General Question

bil's avatar

When did the borders among the countries come into being?

Asked by bil (20 points ) July 16th, 2014

Was there a time that countries had no borders among themselves and people were travelling without any document?

Observing members: 0 Composing members: 0

6 Answers

Dan_Lyons's avatar

Borders came about some ten thousand years ago
when we were tricked from the hunter nomad lifestyle
into the slavery of the agrarian society.

zenvelo's avatar

There really weren’t any borders during the middle ages in Europe. But it was a matter of being careful to not trespass on someone’s land without permission.

But no one had documents of any sort before about 150 years ago, unless they were carrying a special letter while on a mission on behalf of a noble.

Response moderated (Spam)
janbb's avatar

City-states arose before countries. Germany and Italy did not become unified countries until the 1800s. In earlier times, there were city-states that were often gated, and as @zenvelo points out, feudal properties. So there was the concept of borders in regions, probably even in the ancient world – think of Sparta, Babylonia and the walls of Jerusalem – but not necessarily nations with borders until the late Middle Ages or Renaissance period.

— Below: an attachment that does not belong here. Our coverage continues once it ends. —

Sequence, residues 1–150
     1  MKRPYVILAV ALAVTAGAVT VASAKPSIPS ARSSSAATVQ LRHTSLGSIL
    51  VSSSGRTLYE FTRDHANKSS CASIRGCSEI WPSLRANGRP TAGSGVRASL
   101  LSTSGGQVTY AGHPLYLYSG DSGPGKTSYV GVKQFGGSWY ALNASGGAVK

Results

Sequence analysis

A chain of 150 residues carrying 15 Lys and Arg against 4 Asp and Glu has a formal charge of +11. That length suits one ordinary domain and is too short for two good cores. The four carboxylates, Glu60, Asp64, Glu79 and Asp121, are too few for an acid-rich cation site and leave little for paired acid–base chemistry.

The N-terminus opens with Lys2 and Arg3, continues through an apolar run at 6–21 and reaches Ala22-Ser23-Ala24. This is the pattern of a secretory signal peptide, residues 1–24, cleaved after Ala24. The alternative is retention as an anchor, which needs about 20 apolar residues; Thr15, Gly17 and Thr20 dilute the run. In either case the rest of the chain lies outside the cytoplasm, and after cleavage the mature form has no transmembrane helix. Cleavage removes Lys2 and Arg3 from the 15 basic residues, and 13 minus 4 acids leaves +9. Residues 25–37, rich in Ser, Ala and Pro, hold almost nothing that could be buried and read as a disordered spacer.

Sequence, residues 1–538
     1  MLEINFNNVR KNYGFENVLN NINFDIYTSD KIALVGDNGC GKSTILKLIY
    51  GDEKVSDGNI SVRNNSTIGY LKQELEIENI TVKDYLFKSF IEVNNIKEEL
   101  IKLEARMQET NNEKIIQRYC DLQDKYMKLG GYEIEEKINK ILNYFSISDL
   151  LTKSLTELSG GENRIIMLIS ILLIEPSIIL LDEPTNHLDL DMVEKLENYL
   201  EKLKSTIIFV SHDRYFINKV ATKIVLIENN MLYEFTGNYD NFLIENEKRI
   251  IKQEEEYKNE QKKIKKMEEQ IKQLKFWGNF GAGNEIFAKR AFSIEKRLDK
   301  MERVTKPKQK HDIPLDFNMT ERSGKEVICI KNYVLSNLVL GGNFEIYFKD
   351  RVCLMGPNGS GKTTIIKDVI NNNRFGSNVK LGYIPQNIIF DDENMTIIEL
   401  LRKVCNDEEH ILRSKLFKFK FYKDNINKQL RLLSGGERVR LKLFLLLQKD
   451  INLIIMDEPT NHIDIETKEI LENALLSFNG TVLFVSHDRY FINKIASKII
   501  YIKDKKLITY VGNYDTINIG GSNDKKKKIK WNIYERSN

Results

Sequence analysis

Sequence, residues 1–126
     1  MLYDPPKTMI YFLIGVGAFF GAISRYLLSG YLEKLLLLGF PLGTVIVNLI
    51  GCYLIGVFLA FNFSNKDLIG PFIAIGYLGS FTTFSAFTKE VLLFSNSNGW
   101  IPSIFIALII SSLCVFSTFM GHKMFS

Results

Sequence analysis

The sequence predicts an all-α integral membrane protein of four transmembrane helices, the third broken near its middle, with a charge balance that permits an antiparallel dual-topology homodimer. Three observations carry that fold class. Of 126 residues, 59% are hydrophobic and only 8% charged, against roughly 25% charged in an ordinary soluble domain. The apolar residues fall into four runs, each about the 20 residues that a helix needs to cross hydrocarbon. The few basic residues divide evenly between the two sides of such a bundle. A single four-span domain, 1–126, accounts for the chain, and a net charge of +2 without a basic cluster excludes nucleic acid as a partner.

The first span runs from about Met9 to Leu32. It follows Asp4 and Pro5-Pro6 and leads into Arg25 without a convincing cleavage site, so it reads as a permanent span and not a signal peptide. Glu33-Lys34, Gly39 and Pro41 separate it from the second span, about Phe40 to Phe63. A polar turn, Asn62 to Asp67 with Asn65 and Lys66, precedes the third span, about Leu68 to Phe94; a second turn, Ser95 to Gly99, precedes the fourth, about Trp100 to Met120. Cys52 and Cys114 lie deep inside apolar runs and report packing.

(This is a Euro-centric view, I don’t know as much about Eastern history.)

RocketGuy's avatar

Often rivers were used as borders e.g. between Texas and Mexico, between Thailand and Laos.

JLeslie's avatar

There is a TV series called How The States Got Their Shapes if you want to learn more about the US state borders. You probably know that in the Americas Europeans came over and laid claim to the land and it created borders. Water was often a natural boundary. In the US, over time, pieces of land were bought and sold. The Louisana Purchase was land bought from the French that greatly expanded the US. War changed boundaries back and forth.

Answer this question

Login

or

Join

to answer.

This question is in the General Section. Responses must be helpful and on-topic.

Your answer will be saved while you login or join.

Have a question? Ask Fluther!

What do you know more about?
or
Knowledge Networking @ Fluther